Tag Archives: meteorite

Roarrr!

Hurry!  Only a few days to catch the dinosaurs at Newcastle Museum before they head elsewhere.P1030681Although ‘catch’ is probably not the appropriate word in this context. The tyrannosaurs* were ferocious meat-eating predators with powerful legs, heavy jaws, and very strong teeth. We humans wouldn’t have lasted at all long had we overlapped with the dinosaurs. Lucky for us, then, that they were wiped out by a giant meteorite in the Mesozoic Extinction Event 66 million years ago.P103067066 million years ago. Imagine that. I can’t. Such a huge number, the mind boggles. In fact, so much about dinosaurs defies comprehension, and the exhibition brilliantly showcases the wonders and mysteries of these primitive creatures. 10 life-sized specimens from the tyrannosaurs family were on display, including the king himself, Tyrannosaurus rex (Scotty), who measured an estimated 12 metres in length. Guanlong wucaii, early relative of T.rex, was also present. This feathered fiend has got dinosaur experts the world over oohing and aahing, as it confirms the link between tyrannosaurs and birds. Yup, people, T.rex was a bird in the making.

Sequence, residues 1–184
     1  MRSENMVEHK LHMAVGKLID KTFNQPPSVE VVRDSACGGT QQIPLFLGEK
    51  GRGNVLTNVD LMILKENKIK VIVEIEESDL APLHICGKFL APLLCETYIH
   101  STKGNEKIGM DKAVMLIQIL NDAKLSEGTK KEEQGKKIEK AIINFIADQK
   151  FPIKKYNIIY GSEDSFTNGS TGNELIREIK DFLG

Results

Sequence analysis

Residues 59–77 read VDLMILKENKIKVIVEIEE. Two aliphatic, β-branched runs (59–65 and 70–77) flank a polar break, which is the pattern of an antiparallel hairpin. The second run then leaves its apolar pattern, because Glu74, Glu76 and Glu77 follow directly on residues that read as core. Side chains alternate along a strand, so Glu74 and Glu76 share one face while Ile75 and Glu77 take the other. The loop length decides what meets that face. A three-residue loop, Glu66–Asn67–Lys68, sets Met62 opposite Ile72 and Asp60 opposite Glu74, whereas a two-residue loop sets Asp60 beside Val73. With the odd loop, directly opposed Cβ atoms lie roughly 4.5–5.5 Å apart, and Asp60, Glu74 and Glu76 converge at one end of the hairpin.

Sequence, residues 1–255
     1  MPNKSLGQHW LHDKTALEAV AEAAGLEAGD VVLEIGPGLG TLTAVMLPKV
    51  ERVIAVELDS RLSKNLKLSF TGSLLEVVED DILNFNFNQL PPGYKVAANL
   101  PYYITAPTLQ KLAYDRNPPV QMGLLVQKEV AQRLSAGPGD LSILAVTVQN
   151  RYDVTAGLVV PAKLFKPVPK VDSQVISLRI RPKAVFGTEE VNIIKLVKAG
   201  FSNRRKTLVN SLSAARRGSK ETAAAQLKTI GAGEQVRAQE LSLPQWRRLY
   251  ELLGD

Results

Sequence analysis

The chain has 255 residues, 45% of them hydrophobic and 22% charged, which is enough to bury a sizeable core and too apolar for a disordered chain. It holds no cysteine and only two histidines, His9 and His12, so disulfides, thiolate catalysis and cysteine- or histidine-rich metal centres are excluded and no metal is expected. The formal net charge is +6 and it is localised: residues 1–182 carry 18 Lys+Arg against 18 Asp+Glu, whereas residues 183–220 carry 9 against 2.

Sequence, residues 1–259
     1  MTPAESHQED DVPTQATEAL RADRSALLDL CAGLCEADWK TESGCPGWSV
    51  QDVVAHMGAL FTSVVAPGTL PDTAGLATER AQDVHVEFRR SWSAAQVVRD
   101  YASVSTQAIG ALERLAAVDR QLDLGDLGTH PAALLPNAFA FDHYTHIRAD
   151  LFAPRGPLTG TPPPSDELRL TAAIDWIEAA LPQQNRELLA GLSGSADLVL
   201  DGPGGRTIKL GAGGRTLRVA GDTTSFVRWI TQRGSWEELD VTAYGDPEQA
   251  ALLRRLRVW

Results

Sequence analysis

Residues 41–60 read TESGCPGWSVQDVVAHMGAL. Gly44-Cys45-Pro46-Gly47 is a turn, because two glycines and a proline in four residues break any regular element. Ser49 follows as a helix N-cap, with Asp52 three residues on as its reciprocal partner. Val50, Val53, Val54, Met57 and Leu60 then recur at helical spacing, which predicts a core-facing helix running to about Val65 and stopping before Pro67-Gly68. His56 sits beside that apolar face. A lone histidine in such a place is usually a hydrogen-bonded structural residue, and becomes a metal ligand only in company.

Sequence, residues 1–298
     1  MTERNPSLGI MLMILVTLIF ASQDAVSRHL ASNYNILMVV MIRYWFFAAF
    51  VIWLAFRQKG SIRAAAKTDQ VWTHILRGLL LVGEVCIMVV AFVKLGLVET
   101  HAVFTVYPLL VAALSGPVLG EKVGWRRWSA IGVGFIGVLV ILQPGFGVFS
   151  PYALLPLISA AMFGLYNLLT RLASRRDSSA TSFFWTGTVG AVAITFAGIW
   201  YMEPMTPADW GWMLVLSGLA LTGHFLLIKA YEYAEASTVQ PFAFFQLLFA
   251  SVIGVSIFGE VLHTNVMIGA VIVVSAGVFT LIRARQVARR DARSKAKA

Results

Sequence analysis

Wow! I hear you say. You managed to gather all this information at the exhibition with your littlies in tow? And the answer is: Are you kidding?! I read the headers on the day and left the small print to late-evening Internet research. But I didn’t need the detail to enjoy the visit. And nor did the tots. The dinosaur specimens wowed us with their strange forms, giant size, long tails, and scary teeth. Especially T.rex, whose shadow had a mind of its own, and would reach down to grab unsuspecting visitors as they passed underneath.P1030678The interactive side of the exhibition was fun. Ickle and Ettie particularly enjoyed being in their own dinosaur movie, although things did get a little loud at one point. And Bear tried very hard to jump up and down to power a meteorite large enough to wipe out the creatures we had come to see.P1030673We combined our visit with a play in the museum’s Mininova soft play area, morning tea on the lovely grassy lawns outside, plus a coffee and scoot along Honeysuckle.

*Tyrannosaur comes from the Greek “tyrant lizard”.